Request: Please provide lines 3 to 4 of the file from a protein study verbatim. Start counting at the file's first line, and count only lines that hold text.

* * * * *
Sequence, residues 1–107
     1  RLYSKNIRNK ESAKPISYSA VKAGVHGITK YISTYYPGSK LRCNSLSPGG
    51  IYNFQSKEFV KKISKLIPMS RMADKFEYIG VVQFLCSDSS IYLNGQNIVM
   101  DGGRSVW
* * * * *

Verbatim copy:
    51  IYNFQSKEFV KKISKLIPMS RMADKFEYIG VVQFLCSDSS IYLNGQNIVM
   101  DGGRSVW